Day after tomorrow I fly to San Diego to the American Humanist Association national conference. I'll be part of the Richard Dawkins Foundation for Reason and Science panel discussing "How Religious Fundamentalism Harms Children."
The others on the panel are Sean Faircloth, Janet Heimlich and Katherine Stewart, all amazing writers and advocates for the separation of church and state, especially when it comes to child medical maltreatment and proselytizing in school. Richard Dawkins will moderate.
It's an incredible honor and opportunity to have been invited to join them. It's a chance to literally speak for kids who have no voice against the pain and shame that can result from the behavior of their indoctrinated parents. The recent case of a Pennsylvania couple charged with the death of a second of their children from choosing to pray rather than seek medical treatment--in other words, fatal neglect--has brought the issue front and center again. http://www.huffingtonpost.com/2013/05/24/herbert-catherine-schaible-bail-hearing_n_3330907.html I hate that this is what it takes. But we have to keep talking. We need to educate the public and get the state religious exemptions from medical treatment changed.
I survived untreated osteomyelitis at thirteen (and fourteen and fifteen) because my Christian Science parents and practitioner chose "spiritual treatment" for me. I lost the use of my knee forever during those years, and six years ago I had my leg amputated when it jeopardized my health. No surgeons were willing to attempt replacing the fused joint. One said he never saw cases like this except in elderly patients who'd had the disease before antibiotics were available.
But my fused, scarred, bent and eventually amputated leg is just part of the fallout. My life changed from one day to the next when I was thirteen. Not long after my fourteenth birthday, I was in too much pain to get out of bed--for ten solid months. My leg ran with pus day and night. The pain drove me to the point, one summer night, where the only thing I wanted was to die. But again, I had no choice. I lived. And, as happens in post-traumatic stress disorder, my brain changed its own chemistry. It warped into a state to attempt to manage my unreasonable situation, just as it would in battle or as a prisoner of war. These changes are visible on brain scans of people with PTSD.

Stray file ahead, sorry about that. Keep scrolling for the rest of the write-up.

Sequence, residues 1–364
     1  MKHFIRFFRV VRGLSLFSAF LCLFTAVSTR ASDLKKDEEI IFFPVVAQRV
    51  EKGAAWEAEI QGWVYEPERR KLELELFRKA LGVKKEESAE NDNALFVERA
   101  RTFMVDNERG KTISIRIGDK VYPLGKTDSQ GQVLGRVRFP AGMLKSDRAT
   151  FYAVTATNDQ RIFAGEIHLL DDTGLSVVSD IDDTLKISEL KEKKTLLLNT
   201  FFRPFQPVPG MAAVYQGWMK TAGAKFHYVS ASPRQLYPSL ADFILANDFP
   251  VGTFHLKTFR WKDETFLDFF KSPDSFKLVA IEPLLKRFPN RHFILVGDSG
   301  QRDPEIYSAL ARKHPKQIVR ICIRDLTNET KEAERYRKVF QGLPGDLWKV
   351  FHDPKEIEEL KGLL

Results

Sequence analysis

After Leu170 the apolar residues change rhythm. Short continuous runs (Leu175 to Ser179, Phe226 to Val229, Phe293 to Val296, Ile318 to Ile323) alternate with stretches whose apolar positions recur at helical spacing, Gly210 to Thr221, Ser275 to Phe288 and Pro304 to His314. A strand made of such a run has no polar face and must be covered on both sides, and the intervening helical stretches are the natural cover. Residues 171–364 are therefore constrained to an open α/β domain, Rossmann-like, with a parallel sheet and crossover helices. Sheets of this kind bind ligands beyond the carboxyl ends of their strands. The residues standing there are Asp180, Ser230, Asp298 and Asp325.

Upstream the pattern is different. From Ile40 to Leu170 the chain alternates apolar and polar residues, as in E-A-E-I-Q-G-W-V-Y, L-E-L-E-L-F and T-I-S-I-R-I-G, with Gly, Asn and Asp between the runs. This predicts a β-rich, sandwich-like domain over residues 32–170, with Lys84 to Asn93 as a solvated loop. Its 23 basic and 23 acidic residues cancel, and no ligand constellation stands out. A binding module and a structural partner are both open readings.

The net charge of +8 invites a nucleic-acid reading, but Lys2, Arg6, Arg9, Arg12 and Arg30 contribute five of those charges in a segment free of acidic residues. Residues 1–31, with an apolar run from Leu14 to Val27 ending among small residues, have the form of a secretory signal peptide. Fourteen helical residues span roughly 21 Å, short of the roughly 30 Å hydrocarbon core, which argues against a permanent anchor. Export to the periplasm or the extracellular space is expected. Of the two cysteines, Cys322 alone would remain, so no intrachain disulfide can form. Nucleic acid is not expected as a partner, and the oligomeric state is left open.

But for twenty years more, I just thought I was crazy. My moods could plunge without warning into suicidal despair. My whole being thrummed with anxiety almost 24/7. I lived in fear. I was terrible at showing up on time in a schedule for school, for a job. The only routine that soothed me was taking care of my horses. By the time I was in my thirties, having flashbacks and attacks of claustrophobia that prevented me from working, I really believed I was insane. Being diagnosed with PTSD and learning to manage it have changed my life.
What you need to understand is that part of me never got out of that room. Like a political prisoner, the mattress--the small room--the walls are still under and around me. Right now I'm keyed up in an excited way about this trip, but it reminds me of the stress I lived with for decades. And it brings the resonance of that fourteen-year-old girl closer.
The hardest thing I've had to come to terms with about that time is her innocence. The most difficult memories are the ones of being in bed only being able to lie on my back or left side, never moving my leg, unable to stand the slightest jiggling of the mattress--and yet being sure I would be healed. The days grew long and hot, the leaves of the hickory outside shaded my window. I could smell the fresh-cut grass and hear my friends outside. All I needed was to have that single moment of understanding, enlightenment that would let me wake from the mortal dream of having an infected leg. I would sit up; the bandages would drop from my leg; I'd stand up and feel the rug under my bare feet. Then I'd run all the way to the barn and hug my horse. I could imagine it vividly. It was just out of reach.
It never happened. I survived and that girl faded into cynicism and shame. She was angry and confused, imploding rather than exploding, for the next twenty years.
How many kids experience that transformation to a greater or lesser extent? Maybe not in similar conditions physically, but emotionally? Refusing to validate a child's understanding of the world--of pain or health--of her personal realm of a body--derails any hope of a normal transition to adulthood.
I'm able to speak in San Diego because my own daughters have taught me I deserve unconditional love and freedom from pain as much as they do.
I'm going to speak for the girl I was at fourteen, the girl in bed who desperately tried to scrape up a miracle that adults brutally, ignorantly told her was within reach. It's an honor to be asked. It's a tribute to her human grit, the will to live that kept her alive when she was denied any reasonable alternative.
This was the single time a picture was taken of me in bed in 1976. Yes, that's a pet mouse on my hat. Cheers, Liz.
See you on the flip side.